Ancient Islam[edit | edit source]

More than a thousand years later, Islam was beginning to spread across the Arabian Peninsula and into Asia and Africa. Like Judaism, Islam stressed the need for individual understanding of their mental situation. Those afflicted with a mental illness were thought to be possessed by jinn, supernatural spirits that can be either good or bad. The Qur'an mentions the idea of the spirit or soul constantly, preaching the idea that only though radical change of one’s conception of the universe can one move closer to God. Unlike the Jewish conception of mental illness as sin, the Islamic viewpoint interpreted mental illness as a sign of supernatural intervention that was not necessarily malignant. Changes in the psyche could be either good or bad – the Sufi movement of Islam, for instance, teaches spirituality though near-mysticism, using song, dance, and narcotics to induce an altered mental state and a closer connection of God. This new attitude towards the mind, freeing mental illness from implications of wrongdoing, paved the way for a more scientific examination of the causes and symptoms of mental illness. The first such advances were made by Islamic scholars. The Arab physician Rhazes wrote the landmark texts El-Mansuri and Al-Hawi in the 10th century, two which presented definitions, symptoms, and treatments for illness, including mental illnesses, and also ran the psychiatric ward of a Baghdad hospital. Such institutions could not exist in Europe at the time because of fear of demonic possessions. In the centuries to come, Islam would eventually serve as a critical waystation of knowledge from Classical Greece to Renaissance Europe – however, at this point in history their time had not yet come, and conquest was a higher priority to Islamic society of the period than medicine.

Topics to be covered[edit | edit source]

External links[edit | edit source]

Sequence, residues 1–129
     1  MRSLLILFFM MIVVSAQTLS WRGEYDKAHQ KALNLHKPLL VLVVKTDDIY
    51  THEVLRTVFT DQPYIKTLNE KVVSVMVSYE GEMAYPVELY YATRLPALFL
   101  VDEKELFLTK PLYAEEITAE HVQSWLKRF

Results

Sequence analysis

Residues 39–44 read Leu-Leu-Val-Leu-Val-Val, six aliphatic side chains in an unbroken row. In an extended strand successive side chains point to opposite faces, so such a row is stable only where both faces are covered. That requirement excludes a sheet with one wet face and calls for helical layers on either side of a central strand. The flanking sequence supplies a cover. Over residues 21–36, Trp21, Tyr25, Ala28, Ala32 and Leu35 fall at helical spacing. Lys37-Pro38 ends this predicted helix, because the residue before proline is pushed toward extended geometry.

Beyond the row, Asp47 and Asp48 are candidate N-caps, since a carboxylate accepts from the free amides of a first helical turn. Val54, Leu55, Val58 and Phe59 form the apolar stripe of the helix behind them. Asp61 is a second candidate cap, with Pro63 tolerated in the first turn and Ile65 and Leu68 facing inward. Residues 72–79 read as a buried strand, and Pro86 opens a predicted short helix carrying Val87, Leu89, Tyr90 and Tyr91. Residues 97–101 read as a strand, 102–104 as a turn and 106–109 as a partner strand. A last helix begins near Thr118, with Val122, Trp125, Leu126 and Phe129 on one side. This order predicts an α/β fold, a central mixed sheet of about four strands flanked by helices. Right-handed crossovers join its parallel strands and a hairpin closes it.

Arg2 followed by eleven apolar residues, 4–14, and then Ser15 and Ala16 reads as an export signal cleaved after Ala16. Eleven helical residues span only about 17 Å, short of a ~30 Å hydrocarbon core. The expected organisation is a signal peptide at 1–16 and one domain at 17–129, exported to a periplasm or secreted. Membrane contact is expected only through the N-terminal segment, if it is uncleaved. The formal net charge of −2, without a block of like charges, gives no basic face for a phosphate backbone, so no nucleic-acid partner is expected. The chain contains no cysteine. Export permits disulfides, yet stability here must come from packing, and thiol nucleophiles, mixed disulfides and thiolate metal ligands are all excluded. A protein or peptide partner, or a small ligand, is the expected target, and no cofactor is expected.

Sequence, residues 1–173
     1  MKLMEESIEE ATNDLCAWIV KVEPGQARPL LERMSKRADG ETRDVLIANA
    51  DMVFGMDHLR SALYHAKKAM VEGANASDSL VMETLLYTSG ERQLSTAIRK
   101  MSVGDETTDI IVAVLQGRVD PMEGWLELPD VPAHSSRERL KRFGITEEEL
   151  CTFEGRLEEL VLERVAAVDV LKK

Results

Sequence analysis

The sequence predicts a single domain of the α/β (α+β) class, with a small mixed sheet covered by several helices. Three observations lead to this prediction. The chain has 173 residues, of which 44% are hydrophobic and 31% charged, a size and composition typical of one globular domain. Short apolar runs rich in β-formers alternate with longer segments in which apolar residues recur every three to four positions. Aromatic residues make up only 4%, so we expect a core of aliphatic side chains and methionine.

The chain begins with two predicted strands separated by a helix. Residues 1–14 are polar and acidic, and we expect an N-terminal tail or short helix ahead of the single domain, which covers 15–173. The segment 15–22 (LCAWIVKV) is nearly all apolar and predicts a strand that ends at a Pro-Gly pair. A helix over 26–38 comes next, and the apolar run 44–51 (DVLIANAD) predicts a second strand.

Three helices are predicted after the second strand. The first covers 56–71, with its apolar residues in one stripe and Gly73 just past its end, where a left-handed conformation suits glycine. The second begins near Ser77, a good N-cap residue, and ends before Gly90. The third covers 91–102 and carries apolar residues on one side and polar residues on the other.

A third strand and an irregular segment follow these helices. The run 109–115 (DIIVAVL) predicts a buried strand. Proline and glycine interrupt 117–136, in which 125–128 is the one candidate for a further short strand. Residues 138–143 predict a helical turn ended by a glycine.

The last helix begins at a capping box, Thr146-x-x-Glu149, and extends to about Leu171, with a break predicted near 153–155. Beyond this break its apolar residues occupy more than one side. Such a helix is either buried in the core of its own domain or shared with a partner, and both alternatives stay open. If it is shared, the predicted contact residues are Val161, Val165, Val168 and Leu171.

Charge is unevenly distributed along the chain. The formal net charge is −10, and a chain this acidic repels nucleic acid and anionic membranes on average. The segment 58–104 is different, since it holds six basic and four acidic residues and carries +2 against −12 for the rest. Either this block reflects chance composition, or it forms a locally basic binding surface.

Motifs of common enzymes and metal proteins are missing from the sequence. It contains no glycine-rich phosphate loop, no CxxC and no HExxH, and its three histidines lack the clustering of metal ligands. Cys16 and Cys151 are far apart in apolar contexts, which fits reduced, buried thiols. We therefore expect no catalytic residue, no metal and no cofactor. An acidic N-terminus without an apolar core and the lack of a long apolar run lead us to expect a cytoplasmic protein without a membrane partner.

Mental illness (alphabetical list) Edit
Acute stress disorder | Adjustment disorder | Agoraphobia | alcohol and substance abuse | alcohol and substance dependence | Amnesia | Anxiety disorder | Anorexia nervosa | Antisocial personality disorder | Asperger's syndrome | Attention deficit disorder | Attention deficit/hyperactivity disorder | Autism | Avoidant personality disorder | Bereavement | Bibliomania | Binge eating disorder | Bipolar disorder | Body dysmorphic disorder | Borderline personality disorder | Brief psychotic disorder | Bulimia nervosa | Circadian rhythm sleep disorder | Conduct disorder | Conversion disorder | Cyclothymia | Delusional disorder | Dependent personality disorder | Depersonalization disorder | Depression | Disorder of written expression | Dissociative fugue | Dissociative identity disorder | Dyspareunia | Dysthymic disorder | Encopresis | Enuresis | Exhibitionism | Expressive language disorder | Female and male orgasmic disorders | Female sexual arousal disorder | Fetishism | Folie à deux | Frotteurism | Ganser syndrome | Gender identity disorder | Generalized anxiety disorder | General adaptation syndrome | Histrionic personality disorder | Hyperactivity disorder | Primary hypersomnia | Hypoactive sexual desire disorder | Hypochondriasis | Hyperkinetic syndrome | Hysteria | Intermittent explosive disorder | Joubert syndrome | Kleptomania | Down syndrome | Mania | Male erectile disorder | Munchausen syndrome | Mathematics disorder | Narcissistic personality disorder | Narcolepsy | Nightmare disorder | Obsessive-compulsive disorder | Obsessive-compulsive personality disorder | Oneirophrenia | Oppositional defiant disorder | Pain disorder | Panic attacks | Panic disorder | Paranoid personality disorder | Pathological gambling | Pervasive Developmental Disorder | Pica | Post-traumatic stress disorder | Premature ejaculation | | Primary insomnia | Psychotic disorder | Pyromania | Reading disorder | Retts disorder | Rumination disorder | Schizoaffective disorder | Schizoid personality disorder | Schizophrenia | Schizophreniform disorder | | Schizotypal personality disorder | Seasonal affective disorder | Separation anxiety disorder | Sexual Masochism and Sadism | Shared psychotic disorder | Sleep disorder | Sleep terror disorder | Sleepwalking disorder | Social phobia | Somatization disorder | | Specific phobias | Stereotypic movement disorder | Stuttering | Tourette syndrome | Transient tic disorder | Transvestic Fetishism | Trichotillomania | Vaginismus
This page uses Creative Commons Licensed content from Wikipedia (view authors).
Community content is available under CC-BY-SA unless otherwise noted.